Iyanla remarked, “watching them put my daughter in a box and throw dirt on her let me know I could deal with anything.” The reality though was that things were to get far worse for far longer before they would get better. There was still an unexpected divorce (by way of email), loss of her house and tremendous trouble with the IRS still on the way. The fact that neither the pink, pearl-handled pistol nor the prescription pills won out is nothing short of amazing.

Iyanla Vanzant

It’s one thing to read the book of Job; it’s another to live it.

In her new book, Peace from Broken Pieces: How to Get Through What You’re Going Through, Vanzant displays the scars of her life with an authoritative honesty, in the hopes of helping someone who might travel a path similar to hers, hurting unceasingly and hoping for help seemingly never on its way.

Broken Pieces

Iyanla Vanzant is alive and well; today her testimony might bring tears to your eyes while also forcing you to question the depth and resolve of your own faith and relationship with the Lord. At the same time, she offers neither an excuse nor appeal for pity on her behalf.

Iyanla in her book, tells the truth about the moments of her life leading up until now, from the death of her mother, being raped by her uncle and the pathologies set in motion by both.

She has literally touched the lives of countless people. Below are some of the feedbacks that people have left on her YouTube videos:

My God… so enlightening. It is so important to be clear in life on “who? you are”. If not, people will tell YOU who YOU are and you? will find yourself going down a path of someone’s else’s vision and not your own….I needed this…

So very powerful as always! Thank you for continuing to offer transparency and what seems like unfiltered insight? into life. Much? appreciated!

I cried from 0:11!!! OMGOODNESS!! Let me testify!!! I AM? ETERNALLY GRATEFUL? FOR THE LIFE LINE Iyanla carries!!!

Powerful… and?? I still heal! Thank you.

An amazing woman! Thank? you for being you!?

You have been my Spiritual God Mother every since I read, “One Day My Soul Just Opened Up”. Your spirit? has followed me since then. Thank you Great Mother. Eye love you.

Real? talk!!! Thank you for simply being real, human, honest.

Thank? you for your strength,it out shines so much pain in the world and within all.

Watch and listen to Iyanla’s messages in the five-part YouTube videos and be touched, be inspired, and hopefully be changed!


Filming of the movie “The Lady”, the Anglo-French big screen version of the remarkable life of Myanmar freedom fighter Aung San Suu Kyi, was wrapped up on January 18. Michčle Abitbol-Lasry, the publicist for EuropaCorp-Left Bank Pictures-France 2 Cinema, the maker of The Lady, confirms that the eagerly awaited film is already in its post-production and is scheduled for worldwide release later this year.

The movie is directed by Luc Besson, the filmmaker who brought us The Fifth Element and The Professional. Aung San Suu Kyi is played by international superstar Michelle Yeoh (Crouching Tiger Hidden Dragon) while David Thewlis (of Harry Potter fame) plays her university academic husband Michael Aris. The movie, originally titled as “Into The Light”,  has been renamed “The Lady” which is the name that Suu Kyi goes by because saying her real name is forbidden in Burma.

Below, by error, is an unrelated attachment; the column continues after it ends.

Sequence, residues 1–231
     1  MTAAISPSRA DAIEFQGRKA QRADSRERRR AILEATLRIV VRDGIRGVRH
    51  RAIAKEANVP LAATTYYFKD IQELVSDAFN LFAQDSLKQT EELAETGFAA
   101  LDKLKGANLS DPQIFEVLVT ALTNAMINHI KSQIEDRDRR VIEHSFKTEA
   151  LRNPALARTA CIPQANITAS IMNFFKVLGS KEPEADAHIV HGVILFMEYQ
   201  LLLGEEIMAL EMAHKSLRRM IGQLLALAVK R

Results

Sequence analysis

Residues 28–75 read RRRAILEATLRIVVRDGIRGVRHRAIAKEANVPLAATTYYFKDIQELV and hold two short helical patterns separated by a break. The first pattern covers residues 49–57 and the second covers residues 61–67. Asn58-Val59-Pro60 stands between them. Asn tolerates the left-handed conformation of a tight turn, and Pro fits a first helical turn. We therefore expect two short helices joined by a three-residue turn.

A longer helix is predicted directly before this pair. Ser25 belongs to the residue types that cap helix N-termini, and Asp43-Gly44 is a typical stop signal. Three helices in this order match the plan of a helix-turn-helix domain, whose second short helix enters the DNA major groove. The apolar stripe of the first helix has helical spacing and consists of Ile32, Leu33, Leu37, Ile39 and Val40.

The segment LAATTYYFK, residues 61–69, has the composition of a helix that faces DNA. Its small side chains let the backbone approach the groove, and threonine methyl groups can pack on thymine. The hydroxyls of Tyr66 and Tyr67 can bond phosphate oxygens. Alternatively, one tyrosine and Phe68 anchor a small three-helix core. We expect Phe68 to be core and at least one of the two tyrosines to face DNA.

Michelle Yeoh and Aung Sang Suu Kyi

Michelle Yeoh as Aung Sang Suu Kyi in a scene from The Lady

Besson said Aung San Suu Kyi was “more of a heroine than Joan of Arc” and he hopes the film would further disseminate her ongoing struggles. It is the fight of a woman without any weapons, just her kindness and her mentality. She is very Gandhi-like.”

On her first private meeting with Suu Kyi at the Yangon International Airport, Michelle said, “The first thing we did is hug and I thought you are really skinny, man. One of the first things she said was ‘Why doesn’t the BBC world service have more music?”

“You feel a real sense of calm when you’re with her. She’s a very striking figure. She is so proud of her culture and the best way to show it is with dignity and elegance. She has a glow and an aura about her.”

The film will chart her remarkable journey from housewife bringing up her children in Oxford to taking on the power of Burma’s generals by becoming opposition leader. Filming of the movie, which began on Oct 18, was done in various parts of Thailand, Myanmar, UK and France.

Michelle Yeoh and David Thewlis in a scene from the movie

It will build up to that awful choice she had to make between country and family when her husband, Michael Aris, was diagnosed with terminal cancer.

Yeoh, who made her name in Crouching Tiger, Hidden Dragon was instrumental in getting Besson on board to direct, helping to set up a meeting with the producer Andy Harries – who made The Queen – and the French director at Cannes.

The film is a co-production between Besson’s Europacorp and Harries’s Left Bank Pictures and has been written by the novelist and screenwriter Rebecca Frayn – Harries’s wife and the daughter of Michael Frayn.

Rebecca Frayn wrote the script over a period of three year, speaking to the key figures in Suu Kyi’s entourage to enable her to have a personal account of the national heroine of Myanmar who was put under house arrest most of her life.

Michelle Yeoh in another scene from the movie

Harries said the genesis of the project goes back to the early 1990s when he and his wife visited Burma. “At the time Suu Kyi had just won the election but was under house arrest. It was an extraordinary experience for us. On the one hand, it is a stunningly beautiful country but on the other it is frightening – the austerity, the poverty, the sadness of the people. We weren’t really allowed to go anywhere and people were scared of talking to us. It left a long impression on both of us.”